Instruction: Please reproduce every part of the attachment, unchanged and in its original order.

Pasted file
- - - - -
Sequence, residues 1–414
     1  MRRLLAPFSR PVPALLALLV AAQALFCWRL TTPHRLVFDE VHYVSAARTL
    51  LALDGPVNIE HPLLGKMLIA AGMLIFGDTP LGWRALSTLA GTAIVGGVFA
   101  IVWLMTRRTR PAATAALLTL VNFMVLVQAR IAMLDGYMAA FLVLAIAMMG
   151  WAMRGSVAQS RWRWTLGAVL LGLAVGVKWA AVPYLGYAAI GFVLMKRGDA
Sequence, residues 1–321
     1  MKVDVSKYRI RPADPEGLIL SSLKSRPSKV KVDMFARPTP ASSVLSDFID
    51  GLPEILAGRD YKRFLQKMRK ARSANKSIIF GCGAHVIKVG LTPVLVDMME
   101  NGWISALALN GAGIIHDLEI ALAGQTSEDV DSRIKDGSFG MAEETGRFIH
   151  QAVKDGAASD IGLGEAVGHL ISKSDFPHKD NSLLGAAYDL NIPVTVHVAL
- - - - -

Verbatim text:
Sequence, residues 1–414
     1  MRRLLAPFSR PVPALLALLV AAQALFCWRL TTPHRLVFDE VHYVSAARTL
    51  LALDGPVNIE HPLLGKMLIA AGMLIFGDTP LGWRALSTLA GTAIVGGVFA
   101  IVWLMTRRTR PAATAALLTL VNFMVLVQAR IAMLDGYMAA FLVLAIAMMG
   151  WAMRGSVAQS RWRWTLGAVL LGLAVGVKWA AVPYLGYAAI GFVLMKRGDA
Sequence, residues 1–321
     1  MKVDVSKYRI RPADPEGLIL SSLKSRPSKV KVDMFARPTP ASSVLSDFID
    51  GLPEILAGRD YKRFLQKMRK ARSANKSIIF GCGAHVIKVG LTPVLVDMME
   101  NGWISALALN GAGIIHDLEI ALAGQTSEDV DSRIKDGSFG MAEETGRFIH
   151  QAVKDGAASD IGLGEAVGHL ISKSDFPHKD NSLLGAAYDL NIPVTVHVAL